The sessions are two hours long, and we tend to spend the first hour on a check-in. This is very open-ended. We can bring up whatever we are thinking about or struggling with, or we can talk about how something from the week before is affecting us; really Lisa hasn’t provided any specific guidance on what we can talk about. There’s usually a long pause before someone jumps in and shares something. Unlike my old group, it is never something like “I have so much work that I always feel stressed,” or “I don’t like the way this woman at work talks to me.” Instead, it pretty much always ties back to our past abuse experience and its impact on our present day life. It might be something like how hard it is to deeply trust someone, or how jumpy we feel (actually not me, but some of us), or how someone is kind of obsessive about locking doors but doesn’t want to be, or how someone notices that she has been using alcohol a bit too much to avoid feeling things. I’m repeatedly surprised and moved by everyone’s willingness to be very honest.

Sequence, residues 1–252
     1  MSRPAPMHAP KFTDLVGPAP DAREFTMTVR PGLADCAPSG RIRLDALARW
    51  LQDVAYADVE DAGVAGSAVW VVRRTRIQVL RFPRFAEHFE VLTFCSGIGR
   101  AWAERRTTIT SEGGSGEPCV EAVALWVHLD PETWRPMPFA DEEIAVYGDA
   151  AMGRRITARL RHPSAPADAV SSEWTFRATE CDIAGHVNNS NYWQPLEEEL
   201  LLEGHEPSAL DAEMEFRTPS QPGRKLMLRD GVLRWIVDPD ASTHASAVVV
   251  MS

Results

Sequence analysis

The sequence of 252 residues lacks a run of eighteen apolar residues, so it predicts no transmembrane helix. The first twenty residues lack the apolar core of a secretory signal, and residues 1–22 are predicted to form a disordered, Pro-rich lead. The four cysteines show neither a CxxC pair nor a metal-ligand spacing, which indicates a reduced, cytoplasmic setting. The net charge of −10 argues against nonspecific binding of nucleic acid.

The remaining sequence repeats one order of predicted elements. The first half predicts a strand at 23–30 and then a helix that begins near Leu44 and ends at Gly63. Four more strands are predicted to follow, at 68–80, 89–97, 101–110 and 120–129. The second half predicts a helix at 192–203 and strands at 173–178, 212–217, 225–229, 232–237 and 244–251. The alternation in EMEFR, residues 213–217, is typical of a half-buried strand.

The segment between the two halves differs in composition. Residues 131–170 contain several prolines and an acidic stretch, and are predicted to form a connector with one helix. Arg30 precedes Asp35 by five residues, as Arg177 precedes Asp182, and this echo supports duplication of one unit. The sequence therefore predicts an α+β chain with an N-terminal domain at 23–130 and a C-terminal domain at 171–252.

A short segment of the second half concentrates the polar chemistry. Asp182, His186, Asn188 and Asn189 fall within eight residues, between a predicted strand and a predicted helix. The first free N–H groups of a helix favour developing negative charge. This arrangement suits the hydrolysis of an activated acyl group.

After a person talks, the rest of us have time to provide “feedback.” Usually that comes in the form of others saying they have had similar emotions or experiences, or how it’s been a little different for them, but always in ways that validate what has been shared. I’ve found it so gratifying to hear people say things that are, at times, almost the exact words I’ve said about my own experience. It makes me feel more normal.

These other women in the group are so brave. For example, today one of them said she knew her father had abused her, but she’d been blocking out the fact that her brother had also participated. Or rather, she knew it but didn’t want to let that awareness all the way in. And this week, she stopped fighting it. She let herself accept it, because, she said, her only path to healing is by believing herself.

That’s so amazing to me, and so empowering. And it opened up the door for me to talk about how much I have tortured myself by trying not to believe myself. Once, long ago, my therapist said to me, “I can’t really tell if you think it would be worse if your father did abuse you, or if he didn’t.” And I told her, “It would be worse if he didn’t, because then what kind of horrible disgusting person would I be to think that about him?”